In this dissertation I make three different claims concerning the role that symmetries and conservation laws played in particle physics in the 1950s and the 1960s, during the early history of the discipline. First, I provide a historical contribution outlining the main developments that took place in particle physics during these two decades. Secondly, I make a technical point about the manner in which symmetries and conservation laws relate to each other in different physical theories. Finally, I make a philosophical point, which concerns the ways in which scientists decide what theories deserve to be developed further, and what research programs ought to be
The main historical contribution in the dissertation comes in chapter 2. The central claim in this chapter is that symmetries and conservation laws played a central role in particle physics during the 1950s and 1960s. Although this claim is not controversial, my analysis adds a nuance that is frequently overlooked in the literature. As I show, different authors used symmetries and conservation laws in different ways, giving rise to different research programs.
Chapters 3 and 4 contain the main technical point in the dissertation. My claim here is that the nature of the relation between symmetries and conservation laws is different in different physical theories. In particular, I provide an account of the differences that obtain between the cases of quantum and classical mechanics, and the reasons why these differences obtain.
My claim in these two chapters is that in quantum mechanics, unlike in classical mechanics, Noether’s theorems are not needed in order to derive a conservation law from a symmetry. As a result of this, the nature of the relation between symmetries and conservation laws is different in the two theories in the following two ways. In classical mechanics, on the one hand, the relation between symmetries and conservation laws is restricted to some theories and some symmetry transformations. In quantum mechanics, on the other hand, no such restrictions obtain. In this case, however, symmetries have further consequences that can be used for practical purposes and have no classical analogue.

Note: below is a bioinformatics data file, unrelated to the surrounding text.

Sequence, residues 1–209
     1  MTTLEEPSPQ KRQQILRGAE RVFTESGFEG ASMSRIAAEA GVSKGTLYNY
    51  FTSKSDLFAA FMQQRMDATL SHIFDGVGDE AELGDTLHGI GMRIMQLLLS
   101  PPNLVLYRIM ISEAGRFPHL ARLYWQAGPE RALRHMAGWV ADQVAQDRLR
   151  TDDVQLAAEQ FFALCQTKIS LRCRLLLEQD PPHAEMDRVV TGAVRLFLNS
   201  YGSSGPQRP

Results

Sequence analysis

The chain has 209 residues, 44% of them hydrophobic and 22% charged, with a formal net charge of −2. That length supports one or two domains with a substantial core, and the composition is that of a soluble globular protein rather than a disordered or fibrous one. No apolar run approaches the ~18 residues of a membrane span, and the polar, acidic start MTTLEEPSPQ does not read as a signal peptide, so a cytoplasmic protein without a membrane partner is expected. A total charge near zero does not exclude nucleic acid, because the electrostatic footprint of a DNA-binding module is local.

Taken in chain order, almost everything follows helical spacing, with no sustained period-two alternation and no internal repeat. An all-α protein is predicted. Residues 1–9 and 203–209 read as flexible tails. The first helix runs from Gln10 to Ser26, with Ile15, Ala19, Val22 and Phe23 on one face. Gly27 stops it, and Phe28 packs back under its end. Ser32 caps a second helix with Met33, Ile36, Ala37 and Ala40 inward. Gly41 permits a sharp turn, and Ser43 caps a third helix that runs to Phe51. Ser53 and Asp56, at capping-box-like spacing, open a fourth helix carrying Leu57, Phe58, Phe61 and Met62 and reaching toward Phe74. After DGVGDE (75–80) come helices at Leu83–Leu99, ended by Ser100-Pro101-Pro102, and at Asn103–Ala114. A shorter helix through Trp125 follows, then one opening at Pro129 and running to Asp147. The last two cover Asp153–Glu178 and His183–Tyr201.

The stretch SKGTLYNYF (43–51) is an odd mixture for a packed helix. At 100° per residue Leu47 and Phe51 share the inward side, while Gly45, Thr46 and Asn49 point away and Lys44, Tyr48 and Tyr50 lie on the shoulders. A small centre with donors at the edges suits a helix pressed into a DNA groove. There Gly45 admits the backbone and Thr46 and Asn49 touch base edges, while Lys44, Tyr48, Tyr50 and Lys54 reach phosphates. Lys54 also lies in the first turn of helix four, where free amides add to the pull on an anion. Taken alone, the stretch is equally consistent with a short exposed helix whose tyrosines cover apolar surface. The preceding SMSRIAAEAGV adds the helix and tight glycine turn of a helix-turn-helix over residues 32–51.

Having argued that symmetries and conservation laws played a crucial role during the early history of particle physics, and that the nature of the connection between symmetries and conservation laws varies from theory to theory, I go on to show how different accounts of the nature of this connection were used to sustain different research programs in particle physics, and to investigate how the particle physics community chose between different options available. I consider, in particular, a historical case-study that concerns two different attempts to use symmetries and conservation laws in order to develop a theory for the strong nuclear interaction. This allows me to support the main philosophical claim in the dissertation, which comes in chapters 5 and 6.
This final contribution concerns the manner in which decision-making operates in science. My claim here is that a small number of criteria, which are known in the literature as epistemic values, provide the basis on which scientists make decisions about the evaluation and development of scientific theories. As my case-study on the strong nuclear force illustrates, however, these criteria lend themselves to different interpretations, and this raises the question of what grounds the integrity of scientific decision-making. I conclude by suggesting that we answer this question by turning the social organization of science.